USS Wainwright (DD-62) was the last Tucker-class destroyer built for the US Navy prior to the United States entry into World War I. She was the first of three US Navy vessels to be named in the honor of Commander Jonathan Wainwright, his cousin Commander Richard Wainwright and his son Jonathan Wainwright, Jr. All three men were killed while serving in the Navy.
Wainwright was laid down on September 1914 by New York Shipbuilding of Camden, New Jersey. She was launched on June 12, 1915 with Miss Evelyn Wainwright Turpin, a descendent of the ship’s namesakes, as the sponsor. Lieutenant Fred H. Poteet took command of Wainwright on May 12, 1916.
Wainwright measured a little more than 315 feet in length and just under 30 feet abeam. She was armed with eight 21-inch torpedo tubes and four 4-inch guns. Wainwright was powered by two steam turbines, which were capable of propelling her to speeds of up to 30 knots.
After her commissioning, Wainwright sailed in the Caribbean and the Atlantic. After the United States entered World War I, she became part of the first US destroyer squadron to be sent overseas. Wainwright operated out of Queenstown, Ireland as she patrolled the Irish Sea. During this time, she made several unsuccessful attacks on U-boats while also rescuing numerous survivors from ships that had been sunken by German craft.
Wainwright’s first encounter with a German submarine occurred on May 11, 1917 when she happened upon an abandoned lifeboat. While the crew investigated the lifeboat, a lookout reported that a torpedo missed the ship by only 150 yards Wainwright fired several rounds at what appeared to be a periscope, but no other signs of a submarine were found. After this initial encounter, Wainwright was sent to investigate numerous areas where German submarines were suspected of being. Despite dropping numerous depth charges in areas where U-boats were believed to be located, none of her attacks were fruitful.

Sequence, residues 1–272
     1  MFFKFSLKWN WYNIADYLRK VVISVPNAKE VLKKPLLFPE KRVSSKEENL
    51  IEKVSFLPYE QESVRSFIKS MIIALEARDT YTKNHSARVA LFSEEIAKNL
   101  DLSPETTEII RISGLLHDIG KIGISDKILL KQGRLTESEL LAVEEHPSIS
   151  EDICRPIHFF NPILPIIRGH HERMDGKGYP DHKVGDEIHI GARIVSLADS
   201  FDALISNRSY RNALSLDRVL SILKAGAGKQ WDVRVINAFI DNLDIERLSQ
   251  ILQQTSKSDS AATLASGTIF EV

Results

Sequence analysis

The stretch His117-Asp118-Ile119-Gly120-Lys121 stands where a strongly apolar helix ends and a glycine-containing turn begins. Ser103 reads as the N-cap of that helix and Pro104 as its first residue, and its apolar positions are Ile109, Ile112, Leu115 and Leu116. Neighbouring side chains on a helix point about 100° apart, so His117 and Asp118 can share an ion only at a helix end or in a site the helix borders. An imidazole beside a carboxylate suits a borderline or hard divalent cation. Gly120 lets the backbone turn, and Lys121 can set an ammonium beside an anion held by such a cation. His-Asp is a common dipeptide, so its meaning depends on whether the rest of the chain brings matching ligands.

Following the war, Wainwright returned to the US and resumed operations with the Atlantic Fleet. She served in this capacity until May 1922, at which time she was decommissioned. Four years later, she was transferred to the United States Coast Guard to assist with the enforcement of Prohibition as part of the Rum Patrol. While with the Coast Guard, she operated under the name USCGC Wainwright (CG-24) until she was returned to the Navy in April 1934. Four months later, she was sold for scrap.
Asbestos Risk on the USS Wainwright (DD-62)
The Wainwright used asbestos products extensively for insulation and fire resistance. When such products wear down, they become friable, which means that individual fibers can break off and escape into the air. Once that happens, they can be breathed in by naval personnel and shipwrights, which puts those sailors and workers at risk for contracting mesothelioma. This aggressive cancer can take years to develop, but once symptoms of the disease become evident, there is usually a very poor prognosis. If you or a loved one suffered an asbestos-related injury as a result of service aboard the USS Wainwright, fill out the form on this page and we'll send you a free information kit about asbestos, the diseases it causes, and what to expect.Sources
Dictionary of American Naval Fighting Ships.
http://www.history.navy.mil/danfs/a8/america-iii.htm Retrieved 14 December 2010